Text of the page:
Food writing relies on sensory overload, music writing on linguistic agility, but both, Drew Tewskbury explains, communicate the invisible.
Journalist Drew Tewksbury writes about music for LA Weekly, reviews films for Current TV and Filter Magazine, and, I'm pleased to say, thinks about food for Food for Thinkers week. After all, as he says, "When music writers grow up, they become food writers." As evidence, he presents fellow Angelenos Evan George of Hot Knives and the legendary Jonathan Gold, whose cover story on N.W.A. earns him more respect in certain circles than his Pulitzer Prize for food writing.
So, what do the two genres have in common?
Both music and food journalism deal with writing about something intangible—something invisible. Sure, sound waves exist, but you can't see them. And taste; there's no accounting for it. So how do you describe something that is not there?\n
What follows is a wonderful exposition of the various tools food and music writers have at their disposal—"music journalists coin phrases and make up terms for genres that have never existed before" while food writing relies on sensory overload in a kind of "Skin-a-max for Puritans." There are plenty of differences, but in the end, Tewksbury finds, there are also similarities:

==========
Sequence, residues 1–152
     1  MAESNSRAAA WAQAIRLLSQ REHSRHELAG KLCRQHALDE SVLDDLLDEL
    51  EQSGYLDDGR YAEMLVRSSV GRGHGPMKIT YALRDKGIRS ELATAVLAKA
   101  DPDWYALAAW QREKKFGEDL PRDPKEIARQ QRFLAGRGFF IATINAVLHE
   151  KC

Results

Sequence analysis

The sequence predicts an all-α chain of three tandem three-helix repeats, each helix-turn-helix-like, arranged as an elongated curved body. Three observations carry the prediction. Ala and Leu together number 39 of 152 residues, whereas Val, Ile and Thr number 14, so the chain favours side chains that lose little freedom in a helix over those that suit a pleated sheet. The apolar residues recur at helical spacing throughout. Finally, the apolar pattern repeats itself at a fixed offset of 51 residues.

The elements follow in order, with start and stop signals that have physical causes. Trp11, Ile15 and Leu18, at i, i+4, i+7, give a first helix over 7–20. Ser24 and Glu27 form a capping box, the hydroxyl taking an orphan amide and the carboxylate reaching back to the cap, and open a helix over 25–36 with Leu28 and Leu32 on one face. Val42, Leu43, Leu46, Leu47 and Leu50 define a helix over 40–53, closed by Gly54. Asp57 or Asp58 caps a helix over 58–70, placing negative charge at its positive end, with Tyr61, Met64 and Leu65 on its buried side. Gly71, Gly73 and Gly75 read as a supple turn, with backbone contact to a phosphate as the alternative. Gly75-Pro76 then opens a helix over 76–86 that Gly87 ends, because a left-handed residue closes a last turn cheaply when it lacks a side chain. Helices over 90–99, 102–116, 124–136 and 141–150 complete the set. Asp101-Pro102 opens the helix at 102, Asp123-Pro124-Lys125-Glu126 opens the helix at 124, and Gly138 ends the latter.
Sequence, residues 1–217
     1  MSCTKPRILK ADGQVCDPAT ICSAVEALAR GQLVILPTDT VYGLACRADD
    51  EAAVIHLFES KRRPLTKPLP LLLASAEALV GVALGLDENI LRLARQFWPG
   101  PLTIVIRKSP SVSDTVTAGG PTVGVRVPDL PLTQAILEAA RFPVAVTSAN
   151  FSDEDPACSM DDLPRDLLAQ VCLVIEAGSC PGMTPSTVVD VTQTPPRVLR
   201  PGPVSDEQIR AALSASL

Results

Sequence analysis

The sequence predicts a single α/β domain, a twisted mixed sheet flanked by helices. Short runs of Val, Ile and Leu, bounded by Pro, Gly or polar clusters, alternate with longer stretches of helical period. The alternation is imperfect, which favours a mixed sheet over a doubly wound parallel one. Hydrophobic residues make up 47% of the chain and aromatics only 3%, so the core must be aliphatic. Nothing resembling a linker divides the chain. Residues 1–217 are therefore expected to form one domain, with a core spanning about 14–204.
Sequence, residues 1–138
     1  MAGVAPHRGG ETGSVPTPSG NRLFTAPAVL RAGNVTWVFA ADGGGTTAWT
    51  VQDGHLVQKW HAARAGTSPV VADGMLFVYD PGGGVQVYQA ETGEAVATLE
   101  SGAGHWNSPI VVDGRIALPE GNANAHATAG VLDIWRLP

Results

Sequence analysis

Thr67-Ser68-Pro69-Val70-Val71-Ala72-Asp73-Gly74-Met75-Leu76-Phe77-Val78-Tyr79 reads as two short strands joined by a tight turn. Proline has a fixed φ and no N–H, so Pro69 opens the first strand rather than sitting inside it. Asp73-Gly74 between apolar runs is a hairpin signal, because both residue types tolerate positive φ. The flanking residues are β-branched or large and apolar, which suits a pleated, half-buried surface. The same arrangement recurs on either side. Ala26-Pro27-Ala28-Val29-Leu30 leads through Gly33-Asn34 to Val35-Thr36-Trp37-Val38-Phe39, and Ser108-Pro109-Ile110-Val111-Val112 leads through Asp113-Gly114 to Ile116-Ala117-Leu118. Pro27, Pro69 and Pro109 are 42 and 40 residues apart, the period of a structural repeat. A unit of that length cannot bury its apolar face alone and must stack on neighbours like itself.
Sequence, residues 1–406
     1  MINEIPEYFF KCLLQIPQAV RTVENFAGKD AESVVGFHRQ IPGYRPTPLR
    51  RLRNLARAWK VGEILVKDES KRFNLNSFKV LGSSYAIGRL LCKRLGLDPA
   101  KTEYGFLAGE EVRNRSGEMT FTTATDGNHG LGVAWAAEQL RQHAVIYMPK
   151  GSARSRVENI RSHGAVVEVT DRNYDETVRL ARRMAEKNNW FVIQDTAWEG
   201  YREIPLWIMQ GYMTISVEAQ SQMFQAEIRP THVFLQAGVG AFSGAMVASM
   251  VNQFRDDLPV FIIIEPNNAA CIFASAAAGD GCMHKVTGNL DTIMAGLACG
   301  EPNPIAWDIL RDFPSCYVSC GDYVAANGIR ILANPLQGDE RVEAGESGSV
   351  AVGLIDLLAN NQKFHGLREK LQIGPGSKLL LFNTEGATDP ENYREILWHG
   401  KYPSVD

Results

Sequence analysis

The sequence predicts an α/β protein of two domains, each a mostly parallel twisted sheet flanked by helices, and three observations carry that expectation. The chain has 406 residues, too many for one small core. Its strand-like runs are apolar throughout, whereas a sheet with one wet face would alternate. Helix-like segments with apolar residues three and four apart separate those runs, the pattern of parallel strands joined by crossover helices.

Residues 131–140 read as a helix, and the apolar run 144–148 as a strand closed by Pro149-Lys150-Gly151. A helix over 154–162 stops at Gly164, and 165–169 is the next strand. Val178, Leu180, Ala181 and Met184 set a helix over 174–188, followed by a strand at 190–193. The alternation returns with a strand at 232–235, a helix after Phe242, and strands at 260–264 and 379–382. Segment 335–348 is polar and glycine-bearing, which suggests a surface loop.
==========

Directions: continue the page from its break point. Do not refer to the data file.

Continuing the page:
Despite these differences, food and music writing are linked. We communicate the way our bodies and imagination react to a stimulus. Food and music aren't typically meant to be experienced alone. In restaurants and concert venues, patrons and audiences are surrounded by people, by strangers with whom they interact, and look to for cues on how to act. What is that person ordering? Should I dance to this song, or just cross my arms and sway?\n
You'll be missing out if you don't go over to Tewksbury's blog to read the post in full.
Food for Thinkers is a week-long, distributed, online conversation looking at food writing from as wide and unusual a variety of perspectives as possible. Between January 18 and January 23, 2011, more than 40 food and non-food writers will respond to a question posed by GOOD's newly-launched Food hub: What does—or could, or even should—it mean to write about food today?